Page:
+ - 

Danish alt-prog for the masses

by Jericho Cerrona 

Alt-rock has had a fascinating journey over the past few decades. What began as an independently-minded response to the decadent bombast of the 1980s became something of a cultural touchstone in the 90s; with the distorted guitars turned up to 11 and the defiantly subversive lyrics peeling back the artificiality of the previous era. That there are now so many sub-genres within the paradigm now; Britpop, noise rock, dream pop, etc, only speaks to the way we've amassed a fusion/hybrid mentality in terms of how we take our alt-rock. Enter Danish four-piece Mew, who formed in the 90s before reaching critical success in the mid-2000s, and one can clearly see the early signifiers of this genre hybridization. Consisting of lead vocalist Jonas Bjerre, guitarist Johan Wohlert, and drummer Silas Utke Graae Jørgensen, Mew combined elements of dream pop, prog, and anthemic indie rock to spectacular effect. Albums like 2003's Frengers and 2006's And The Glass Handed Kites propped up the band as brilliant purveyors of epic soundscapes brimming with experimental indulgences, lead by Bjerre's uniquely alien falsetto. 2009's No More Stories Are Told Today, I'm Sorry They Washed Away//No More Stories, The World is Grey, I'm Tired, Let's Wash Away was just as self-indulgent as its purposefully long-winded title, and caused something of a schism amongst diehard fans. The 70s progressive elements that had always been a staple were pushed to the forefront, as was the dancier, more upbeat tone. It was the sound of a band with perhaps too many ideas and influences vying for attention, leading to a concept record that felt somewhat bloated and unwieldy. If this was alt-rock, no one bothered to tell Bjerre and company, who felt like they were a few wanking keyboard solos away from 70s progressive titans Yes.

Mew's latest work in six years, + - (or plus, minus), strips away many of the excesses of that previous album and adds a few more pop-oriented ingredients. For better or worse, this is Mew's most straightforward record to date; a collection of soaring, stadium-level rock songs that occasionally dip into ornate instrumentation and synth-imbued atmosphere. It's a very blissful listening experience, but there's also something missing here; a sense of darkness or danger, perhaps, which means sunny often turns into saccharine. Mew have always had a certain earnest corniness to their sound, which was often masked by the sheer grandiosity of the instrumentation. Here, the stadium "anthemness" of their M.O. is stretched and amplified, with more polished production and a discernible lack of experimentation. Of course, this doesn't mean that Mew have lost their unique identity. In some ways, + - is what they have been building to all along, with the return of longtime bassist Johan Wohlert, who was noticeably absent on No More Stories, bringing back some of the alt-rock accessibility of their early days. Still, one expects to feel the otherworldly pull of forces beyond one's control while listening to a Mew record, and unfortunately, + - is simply too safe to engender much awe.

Of course, it's entirely understandable that the band would attempt something less sprawling and self-congratulatory after No More Stories; but the lack of a coherent theme here (aside from some business about the duality of life via the album title) not to mention the absence of the foreboding edge that always lurked at the edges of their sound, means that much of their latest LP fails to connect on a visceral level. There's swirling arpeggios and warm synth washes all over opener "Satellites", garage rock-esque stomp on "Witness", a sugary-coated high-pitched chorus on "The Night Believer", and even some breathy vocals and R & B-influenced baselines on "Making Friends". The production on these songs by Michael Beinhorm (Korn, Marilyn Manson) and mixing by Rich Costey is dense and all-encompassing, which is a nice fit for an outfit like Mew, who have always dabbled in epicness. On the more musical varied tracks, such as "Clinging To A Bad Dream", which has caribbean-style rhythms and odd time signatures, Mew seems like they want to break out and get weird. However, for every fascinating diversion, there's something like "My Complications", which features Russell Lissack of Bloc Party, and ultimately sounds a lot like, well, Block Party.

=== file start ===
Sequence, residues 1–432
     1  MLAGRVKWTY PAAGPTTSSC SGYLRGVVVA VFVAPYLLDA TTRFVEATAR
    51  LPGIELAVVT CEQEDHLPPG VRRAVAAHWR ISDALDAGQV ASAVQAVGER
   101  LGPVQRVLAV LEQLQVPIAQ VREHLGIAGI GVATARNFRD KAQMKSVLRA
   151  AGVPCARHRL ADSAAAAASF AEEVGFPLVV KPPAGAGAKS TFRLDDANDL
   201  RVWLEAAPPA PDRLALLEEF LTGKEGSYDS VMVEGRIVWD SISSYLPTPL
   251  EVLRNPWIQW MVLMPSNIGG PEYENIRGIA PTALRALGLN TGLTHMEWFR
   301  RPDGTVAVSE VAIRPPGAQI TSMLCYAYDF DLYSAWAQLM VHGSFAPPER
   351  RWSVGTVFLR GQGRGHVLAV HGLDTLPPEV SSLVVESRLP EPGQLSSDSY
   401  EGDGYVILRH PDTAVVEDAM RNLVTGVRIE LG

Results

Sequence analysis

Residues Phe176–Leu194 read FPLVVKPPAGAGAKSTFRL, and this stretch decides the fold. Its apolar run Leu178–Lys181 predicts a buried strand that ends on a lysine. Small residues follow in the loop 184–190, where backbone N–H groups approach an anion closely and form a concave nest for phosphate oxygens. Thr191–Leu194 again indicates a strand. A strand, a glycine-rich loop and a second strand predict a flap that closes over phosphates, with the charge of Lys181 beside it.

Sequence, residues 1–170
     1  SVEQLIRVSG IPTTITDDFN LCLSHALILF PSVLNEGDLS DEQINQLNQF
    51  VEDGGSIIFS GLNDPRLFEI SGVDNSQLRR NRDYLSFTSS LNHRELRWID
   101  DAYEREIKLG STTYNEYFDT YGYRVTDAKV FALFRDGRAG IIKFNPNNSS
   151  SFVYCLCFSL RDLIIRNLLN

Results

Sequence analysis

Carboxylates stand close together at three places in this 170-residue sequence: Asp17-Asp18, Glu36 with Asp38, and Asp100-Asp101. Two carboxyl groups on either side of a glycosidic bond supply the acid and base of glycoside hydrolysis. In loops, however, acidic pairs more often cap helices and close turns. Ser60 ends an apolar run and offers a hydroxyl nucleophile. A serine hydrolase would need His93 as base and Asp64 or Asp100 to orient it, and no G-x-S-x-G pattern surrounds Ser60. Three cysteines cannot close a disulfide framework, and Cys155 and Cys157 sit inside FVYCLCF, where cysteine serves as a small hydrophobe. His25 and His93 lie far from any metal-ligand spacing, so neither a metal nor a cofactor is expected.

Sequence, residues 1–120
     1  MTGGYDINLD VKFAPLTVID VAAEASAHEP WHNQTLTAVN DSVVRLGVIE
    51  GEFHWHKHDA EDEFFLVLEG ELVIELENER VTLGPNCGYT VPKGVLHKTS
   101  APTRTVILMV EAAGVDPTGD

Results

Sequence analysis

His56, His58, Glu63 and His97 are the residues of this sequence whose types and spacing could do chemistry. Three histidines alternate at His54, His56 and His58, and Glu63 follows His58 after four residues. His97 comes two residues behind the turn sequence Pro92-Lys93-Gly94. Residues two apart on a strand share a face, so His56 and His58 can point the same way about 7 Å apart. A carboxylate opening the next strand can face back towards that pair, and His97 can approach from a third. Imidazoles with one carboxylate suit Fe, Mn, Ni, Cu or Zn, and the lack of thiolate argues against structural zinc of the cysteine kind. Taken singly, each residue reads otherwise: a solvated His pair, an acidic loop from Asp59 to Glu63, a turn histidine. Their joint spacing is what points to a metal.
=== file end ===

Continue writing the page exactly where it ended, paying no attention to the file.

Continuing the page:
Ultimately, courting mainstream success has always seemed like something Mew could accomplish if they would simply rid themselves of their more avant-garde inclinations. However, the last two tracks here are indicative of the band's unwillingness to go full-on pop hit single. The 10-minute "Rows" begins as a plaintive piano ballad before morphing during its final stretch into a symphony of swirling synths, ethereal vocal chants, and mid-tempo drumming. Meanwhile, closer "Cross The River On Your Own" also begins simply, almost unobtrusively, until making a stab at end-of-the-world lighter-waving anthem. There's even a sensitive guitar solo during the outro that will have even the most ingratiating hipster ducking for cover. Basically, Mew have never been and will never be a band that hits the zeitgeist sweet spot. Still, there's something slightly disconcerting about a new Mew record that doesn't go further into alienating the masses. Gone are the 23-word song titles and albums consisting of one long track stretching to nearly an hour, replaced here by bubbling pop romanticism. Something is amiss and yet all is not lost; Mew are still very much in control of their Danish alt-rock universe, but hopefully next time they will embrace more of the weird.